The New Era: Vatican II
The most drastic changes that the Church had recently experienced and that finally modernized it took place thanks to Pope John XXIII, who was elected in 1958. John ushered in a new era of tolerance, openness, and dialogue in the Church by convening a general council that ran for four sessions, from 1962 to 1965. This council is known as Vatican II.
By the time Vatican II concluded, 2,500 Church leaders had engaged in vigorous debate during the four 3-month sessions. As a result, the council issued sixteen documents that would introduce sweeping changes; their repercussions are felt to this day. At last, the Church was moving into the modern world.
John XXIII set the tone of the council by expressing optimism and belief that all members of the Church, particularly the bishops, could open up dialogue within the Church, with other Christian faiths, and with nonreligious groups everywhere. The goal of all this dialogue was to find areas of common ground and to tackle common problems.
John XXIII asked the bishops from all over the world to set the agenda for the council and to have a share of influence as great as or greater than the Curia in determining issues and exploring directions. At this council, for once, the liberals prevailed. Even though Pope John XXIII died before the council was finished, his successor, Paul VI, carried on in the same spirit.
Here are some of the primary changes that the Vatican II Council made possible:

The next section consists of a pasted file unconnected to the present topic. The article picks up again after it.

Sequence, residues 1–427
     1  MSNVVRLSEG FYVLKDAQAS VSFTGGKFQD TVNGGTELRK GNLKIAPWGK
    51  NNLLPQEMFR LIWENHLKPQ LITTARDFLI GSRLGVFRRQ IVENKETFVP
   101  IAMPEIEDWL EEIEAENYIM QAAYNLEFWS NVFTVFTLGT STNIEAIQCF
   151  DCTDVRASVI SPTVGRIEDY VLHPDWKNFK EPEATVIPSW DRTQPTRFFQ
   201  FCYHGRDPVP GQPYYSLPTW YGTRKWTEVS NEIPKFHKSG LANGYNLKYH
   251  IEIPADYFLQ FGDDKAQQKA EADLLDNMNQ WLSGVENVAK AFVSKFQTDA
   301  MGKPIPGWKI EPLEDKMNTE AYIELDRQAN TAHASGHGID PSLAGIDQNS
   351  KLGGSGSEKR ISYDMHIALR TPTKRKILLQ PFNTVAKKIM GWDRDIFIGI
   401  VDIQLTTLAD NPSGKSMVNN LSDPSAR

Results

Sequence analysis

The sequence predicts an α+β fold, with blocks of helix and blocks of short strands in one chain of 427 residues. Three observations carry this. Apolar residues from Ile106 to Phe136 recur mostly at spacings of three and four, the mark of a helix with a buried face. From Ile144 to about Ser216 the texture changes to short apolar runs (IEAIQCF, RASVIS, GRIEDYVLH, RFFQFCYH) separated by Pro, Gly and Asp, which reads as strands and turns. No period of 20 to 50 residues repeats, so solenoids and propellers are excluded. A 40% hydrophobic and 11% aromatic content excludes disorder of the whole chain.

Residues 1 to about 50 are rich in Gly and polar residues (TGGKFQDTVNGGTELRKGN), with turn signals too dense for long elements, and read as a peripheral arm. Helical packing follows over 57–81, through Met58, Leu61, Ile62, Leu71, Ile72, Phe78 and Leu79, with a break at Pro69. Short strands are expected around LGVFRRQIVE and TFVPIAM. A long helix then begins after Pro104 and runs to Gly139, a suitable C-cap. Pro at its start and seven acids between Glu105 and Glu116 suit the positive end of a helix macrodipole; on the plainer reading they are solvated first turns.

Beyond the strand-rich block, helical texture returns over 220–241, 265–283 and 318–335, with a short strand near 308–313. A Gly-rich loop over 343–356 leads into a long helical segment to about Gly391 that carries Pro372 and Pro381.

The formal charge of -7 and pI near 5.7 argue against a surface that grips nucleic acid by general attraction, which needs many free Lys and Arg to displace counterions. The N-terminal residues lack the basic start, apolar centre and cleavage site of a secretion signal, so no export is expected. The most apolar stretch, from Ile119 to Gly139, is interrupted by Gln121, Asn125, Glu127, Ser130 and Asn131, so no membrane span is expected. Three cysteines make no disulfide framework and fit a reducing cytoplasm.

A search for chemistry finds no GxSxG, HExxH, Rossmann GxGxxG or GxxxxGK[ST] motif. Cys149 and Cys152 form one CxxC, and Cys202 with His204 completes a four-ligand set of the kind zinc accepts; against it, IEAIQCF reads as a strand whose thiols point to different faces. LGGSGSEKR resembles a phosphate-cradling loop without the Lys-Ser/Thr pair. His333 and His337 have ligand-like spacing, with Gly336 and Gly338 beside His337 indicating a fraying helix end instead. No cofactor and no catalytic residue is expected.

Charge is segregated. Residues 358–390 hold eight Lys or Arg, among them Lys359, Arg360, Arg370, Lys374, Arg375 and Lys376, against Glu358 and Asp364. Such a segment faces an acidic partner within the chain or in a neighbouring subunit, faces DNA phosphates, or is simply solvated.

Liturgy is now conducted in the vernacular language of each church's parishioners and not in Latin, so that the service is accessible to all laypersons who are given the opportunity to fully participate.
For centuries, the writings of the Church focused on who had what power over whom. The Church emphasized the importance of hierarchy: pope over bishops, bishops over clergy, clergy over the laity. Since Vatican II, the power lies in the common priesthood of the faithful, and the clergy's role is defined as service to the community of the Church.
The Church also changed its outlook toward other Christian denominations. It is no longer the Church's goal to try to convert Protestants back to Catholicism. Instead, the Church recognized the status of all Protestant communities, apologized for contributing to Christian disunity and the mistakes made during the Counter-Reformation, and urged all Christian communities to work together to solve social problems.
Writings that were once accepted as divine revelation to an individual and that were rigidly adhered to received new interpretations. The Church accepted that written works are always influenced by historical context and may not have as much relevance for succeeding generations.
Rather than expressing skepticism, or even condemnation, of new forms of government or new social movements, the Church is now more open to accepting and embracing them. Its new position is one of service to humanity, and it has become committed to working with all groups for human rights and dignity.